Filed to: Adorable. When the elementary and middle schools of Jackson, Mississippi administered their standardized tests last week, the kids had a whole crowd to cheer them on. Hundreds of high-fiving dads (and dad-adjacent men) lined up at the entrance to McWillie Elementary school in a "Academic Corridor of Success" on the first day of the Mississippi Assessment Program testing, according to the school system's Facebook page.

The event was organized by the local chapter of WATCH D.O.G.S., a program that encourages fathers and other male role models to get involved in children's education. District coordinator Fredrick Nolan told The Huffington Post, "Sometimes, just knowing that others care about the success of our scholars is the motivation they need to cross the finish line into academic achievement." Nolan says the event was attended by local fathers, grandfathers, uncles, step-fathers, and even dads with no personal connection to the school. The kids reportedly got a big kick out of all the attention (although some were initially shy), and Principal Sara Harper told HuffPost, "I think they felt ... more encouraged and supported. When they see that parental support from their dads ... they feel less stressed out about a state exam. It was exciting." Who wouldn't feel better after traversing a hallway of high-fives?


The two stated goals of WATCH D.O.G.S. are "To provide positive male role models for the students, demonstrating by their presence that education is important," and "To provide extra sets of eyes and ears to enhance school security and reduce bullying." And while it would be nice if dads could just be guilted into joining the P.T.A. the way moms have been for years, anything that gets more parents involved in their kids' education is undeniably a good thing – good not only for their children, but all the other students who benefit from their support.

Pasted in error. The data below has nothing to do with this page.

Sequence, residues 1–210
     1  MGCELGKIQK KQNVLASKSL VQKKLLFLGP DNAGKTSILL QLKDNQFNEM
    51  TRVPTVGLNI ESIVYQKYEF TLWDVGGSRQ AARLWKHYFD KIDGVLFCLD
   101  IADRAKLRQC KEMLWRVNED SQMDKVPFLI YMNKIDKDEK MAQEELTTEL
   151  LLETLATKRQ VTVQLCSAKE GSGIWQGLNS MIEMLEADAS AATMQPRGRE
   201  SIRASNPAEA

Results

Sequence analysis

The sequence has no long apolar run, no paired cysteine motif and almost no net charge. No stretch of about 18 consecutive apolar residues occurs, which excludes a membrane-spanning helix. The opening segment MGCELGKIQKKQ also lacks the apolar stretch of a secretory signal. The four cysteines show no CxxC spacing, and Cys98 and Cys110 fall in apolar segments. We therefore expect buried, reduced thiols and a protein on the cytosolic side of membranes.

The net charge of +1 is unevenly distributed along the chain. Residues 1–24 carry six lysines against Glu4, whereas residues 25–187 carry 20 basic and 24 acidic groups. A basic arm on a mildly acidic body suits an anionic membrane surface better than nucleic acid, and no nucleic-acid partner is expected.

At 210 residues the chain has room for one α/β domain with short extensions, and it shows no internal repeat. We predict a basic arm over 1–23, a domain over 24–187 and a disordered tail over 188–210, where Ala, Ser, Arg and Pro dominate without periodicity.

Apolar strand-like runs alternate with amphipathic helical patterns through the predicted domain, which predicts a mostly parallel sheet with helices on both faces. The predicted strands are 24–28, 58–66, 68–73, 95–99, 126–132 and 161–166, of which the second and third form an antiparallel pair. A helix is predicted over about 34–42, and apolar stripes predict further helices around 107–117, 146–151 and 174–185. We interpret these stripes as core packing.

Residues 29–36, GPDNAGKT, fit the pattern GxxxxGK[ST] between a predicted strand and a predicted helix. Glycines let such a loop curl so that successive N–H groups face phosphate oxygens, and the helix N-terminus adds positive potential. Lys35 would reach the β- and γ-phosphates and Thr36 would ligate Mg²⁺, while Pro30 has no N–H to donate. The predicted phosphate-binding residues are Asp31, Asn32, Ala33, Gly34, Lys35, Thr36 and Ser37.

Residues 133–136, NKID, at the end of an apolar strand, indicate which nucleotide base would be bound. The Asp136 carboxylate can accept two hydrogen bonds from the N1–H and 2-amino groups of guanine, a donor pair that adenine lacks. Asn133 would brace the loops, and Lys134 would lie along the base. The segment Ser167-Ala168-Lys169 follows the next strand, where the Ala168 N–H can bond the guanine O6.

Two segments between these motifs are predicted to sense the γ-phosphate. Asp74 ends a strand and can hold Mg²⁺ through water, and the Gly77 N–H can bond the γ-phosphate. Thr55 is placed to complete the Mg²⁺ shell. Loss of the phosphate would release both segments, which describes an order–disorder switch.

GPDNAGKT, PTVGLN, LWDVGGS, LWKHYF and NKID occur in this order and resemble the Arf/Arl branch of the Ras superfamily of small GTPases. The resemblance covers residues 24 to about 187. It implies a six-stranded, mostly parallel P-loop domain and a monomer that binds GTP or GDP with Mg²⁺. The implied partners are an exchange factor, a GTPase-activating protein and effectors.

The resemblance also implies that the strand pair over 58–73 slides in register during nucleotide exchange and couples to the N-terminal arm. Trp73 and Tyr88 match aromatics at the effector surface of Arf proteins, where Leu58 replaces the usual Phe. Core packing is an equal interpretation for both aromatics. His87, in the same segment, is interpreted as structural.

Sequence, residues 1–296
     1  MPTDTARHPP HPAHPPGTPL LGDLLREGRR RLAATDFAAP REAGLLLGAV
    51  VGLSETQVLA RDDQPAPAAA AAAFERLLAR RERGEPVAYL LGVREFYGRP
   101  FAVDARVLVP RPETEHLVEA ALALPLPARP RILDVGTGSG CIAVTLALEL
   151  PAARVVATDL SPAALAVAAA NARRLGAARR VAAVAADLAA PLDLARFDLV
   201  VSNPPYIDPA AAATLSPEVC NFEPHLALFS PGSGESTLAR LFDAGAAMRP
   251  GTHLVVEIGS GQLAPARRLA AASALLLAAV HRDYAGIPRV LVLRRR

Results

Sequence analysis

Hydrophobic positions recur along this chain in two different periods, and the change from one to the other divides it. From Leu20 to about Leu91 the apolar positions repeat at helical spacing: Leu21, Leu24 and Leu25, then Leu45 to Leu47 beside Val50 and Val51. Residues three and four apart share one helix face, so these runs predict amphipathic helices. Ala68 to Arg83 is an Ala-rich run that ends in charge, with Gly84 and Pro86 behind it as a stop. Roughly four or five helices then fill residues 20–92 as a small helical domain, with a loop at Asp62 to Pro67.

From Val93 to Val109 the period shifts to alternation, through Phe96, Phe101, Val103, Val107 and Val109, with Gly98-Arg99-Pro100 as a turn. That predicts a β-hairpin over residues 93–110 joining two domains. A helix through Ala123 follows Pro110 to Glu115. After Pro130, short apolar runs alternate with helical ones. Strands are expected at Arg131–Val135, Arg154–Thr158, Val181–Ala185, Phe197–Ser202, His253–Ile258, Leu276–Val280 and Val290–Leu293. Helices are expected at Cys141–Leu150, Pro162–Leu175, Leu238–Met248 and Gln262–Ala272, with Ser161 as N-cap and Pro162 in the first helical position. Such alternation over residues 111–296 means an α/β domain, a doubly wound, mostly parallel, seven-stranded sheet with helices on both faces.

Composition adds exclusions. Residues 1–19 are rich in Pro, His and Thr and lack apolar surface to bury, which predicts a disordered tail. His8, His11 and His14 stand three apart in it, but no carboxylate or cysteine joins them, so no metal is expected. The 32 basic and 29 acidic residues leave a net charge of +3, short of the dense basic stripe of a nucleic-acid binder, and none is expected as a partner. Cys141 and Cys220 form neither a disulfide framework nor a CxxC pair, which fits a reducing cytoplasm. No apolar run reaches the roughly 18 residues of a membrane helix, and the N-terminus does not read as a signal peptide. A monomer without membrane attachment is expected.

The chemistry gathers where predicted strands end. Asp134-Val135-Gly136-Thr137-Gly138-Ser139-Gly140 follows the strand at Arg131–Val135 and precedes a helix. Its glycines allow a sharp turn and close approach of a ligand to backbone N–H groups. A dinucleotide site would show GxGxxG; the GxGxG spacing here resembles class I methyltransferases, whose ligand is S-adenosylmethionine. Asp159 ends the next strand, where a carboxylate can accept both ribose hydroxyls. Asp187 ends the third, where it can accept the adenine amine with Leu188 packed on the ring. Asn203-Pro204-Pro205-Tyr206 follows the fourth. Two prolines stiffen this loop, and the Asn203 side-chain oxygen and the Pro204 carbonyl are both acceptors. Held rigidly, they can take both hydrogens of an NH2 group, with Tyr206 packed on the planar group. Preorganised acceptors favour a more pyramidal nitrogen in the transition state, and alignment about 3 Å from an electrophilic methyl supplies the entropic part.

WATCH D.O.G.S. began in 1998, and now boasts 5,148 participating schools internationally, the majority of which say that implementation of the program has also boosted the involvement of fathers in other areas, such as parent-teacher conferences and the P.T.A. But what are these dads up to once school is over? Can they come over and cheer me on while I cook dinner or do the laundry? Because I really feel like their encouragement will be going to waste during summer vacation, and I'd hate for them to lose their edge. They're welcome at my place any time.